The Garden Conservancy’s Open Days Program continues on Thursday, June 20 in Nantucket. They are proud to partner with Sustainable Nantucket to present this Open Day featuring six beautiful gardens between 10 – 4. Begin at East Brick Garden at 93 Main Street, in town. This garden is an explosion of playful color year round, featuring massive displays including hollyhocks, Casablanca lilies, and all sorts of annuals overflowing from every bed. Lindsay Mohr is the garden designer, and she installs spectacular displays of perennials, annuals, and bulbs that delight the senses. Stay on Main Street and visit the garden of Meredith Marshall, 141 Main Street. Enjoy the simple elegance of an historical town garden with climbing roses, picket fences, and beautiful open spaces. Tucked away behind the historical George C. Gardner house on upper Main, you will find a beautiful herbaceous border with informal boxwood groupings accompanied by summer flowering perennials and bulbs. The garden is a pleasure to view as you meander on the grass path that guides you around the back of the garden. The private pool garden is protected by a wisteria covered pergola and flowering vines galore. Here you can also enjoy collections of potted plants.
The White Garden, 12 Coffin Street, is the former Quaker Meeting House, moved sometime after the turn of the century from the Sherburne area to its present location by Elmer Greene, a famous American portrait painter, whose passion was gardening. In 1967 the property was purchased by David Halberstam, the Pulitzer Prize winning journalist and bestselling author. David and his wife Jean made many notable additions to the garden over the years, including a koi pond and the sublime raised perennial garden. The raised white garden is a beautiful collection of white flowers and complimentary textures. The garden has just been renovated to increase sustainability and emphasize the garden ornaments collected by the owners.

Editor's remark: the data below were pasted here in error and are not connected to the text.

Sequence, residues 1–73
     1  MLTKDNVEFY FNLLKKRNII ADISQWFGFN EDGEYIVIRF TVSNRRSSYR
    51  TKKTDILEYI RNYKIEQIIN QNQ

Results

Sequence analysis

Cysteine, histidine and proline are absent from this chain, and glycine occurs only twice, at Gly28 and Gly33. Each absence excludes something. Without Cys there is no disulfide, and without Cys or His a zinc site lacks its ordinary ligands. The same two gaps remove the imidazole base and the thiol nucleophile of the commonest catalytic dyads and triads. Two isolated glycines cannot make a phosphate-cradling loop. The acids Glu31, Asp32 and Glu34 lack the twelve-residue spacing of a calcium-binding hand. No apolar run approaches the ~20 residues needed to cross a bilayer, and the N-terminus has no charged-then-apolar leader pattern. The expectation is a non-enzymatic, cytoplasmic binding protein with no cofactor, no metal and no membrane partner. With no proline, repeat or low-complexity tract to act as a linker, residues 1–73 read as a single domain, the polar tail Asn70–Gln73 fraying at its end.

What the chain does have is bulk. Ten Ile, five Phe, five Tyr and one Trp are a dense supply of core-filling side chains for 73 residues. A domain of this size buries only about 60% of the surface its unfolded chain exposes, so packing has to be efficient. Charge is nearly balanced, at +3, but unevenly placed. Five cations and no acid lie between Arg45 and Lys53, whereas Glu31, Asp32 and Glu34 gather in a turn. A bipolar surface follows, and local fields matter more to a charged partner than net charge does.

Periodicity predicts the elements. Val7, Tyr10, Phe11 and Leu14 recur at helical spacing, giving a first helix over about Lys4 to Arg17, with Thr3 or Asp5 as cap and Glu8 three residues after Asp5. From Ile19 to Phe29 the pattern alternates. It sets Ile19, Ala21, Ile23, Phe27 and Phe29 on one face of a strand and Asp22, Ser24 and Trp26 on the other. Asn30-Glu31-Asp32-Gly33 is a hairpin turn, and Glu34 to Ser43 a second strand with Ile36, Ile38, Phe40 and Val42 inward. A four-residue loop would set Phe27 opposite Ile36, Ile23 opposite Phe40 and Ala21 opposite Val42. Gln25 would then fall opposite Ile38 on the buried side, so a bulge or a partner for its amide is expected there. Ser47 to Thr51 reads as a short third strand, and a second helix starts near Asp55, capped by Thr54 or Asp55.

The history of the plantings at the Sussek Garden, 85 Main Street, is unknown. What is known is that the first structure on the property, a workshop, was erected c. 1725. Eventually, a small house was built and, by 1795, was enlarged to the house it is today. Thus it seems appropriate for the garden design to be of the ‘cottage style.’ By definition, a cottage garden is a place for the cultivation of flowers, vegetables, and small plants in the limited space provided by a small cottage. In the heart of the historic district, this garden exhibits a profusion of plantings that typify that genre. The plantings are not pretentious, but rather collections of beloved plants grown for their beauty and practical uses. You will see heirloom white foxgloves grown from seeds from Thomas Jefferson’s Monticello, peonies, roses and herbs, all in a palate associated with historic New England cottage gardens. On the opposite side of the garage there is a small garden with a brick path leading to a garden bench. These plantings are more suitable for shade, with hosta and astilbe, all executed by garden designer Kristina Wixted.
The final two gardens are Hillary Hedges Rayport’s Garden at 89 Main Street, featuring an informal parterre planted in quadrants with assorted heather, and a rose-covered garden house with views of the garden from the rear of the yard, and the Maclean Garden at 2 Spring Street, uniquely situated at the edge of the historic district and Consue Springs. For maps and complete parking details, visit http://www.gardenconservancy.org/opendays/open-days-schedule/openday/725-nantucket-open-day. $5 per garden, children under 12 free.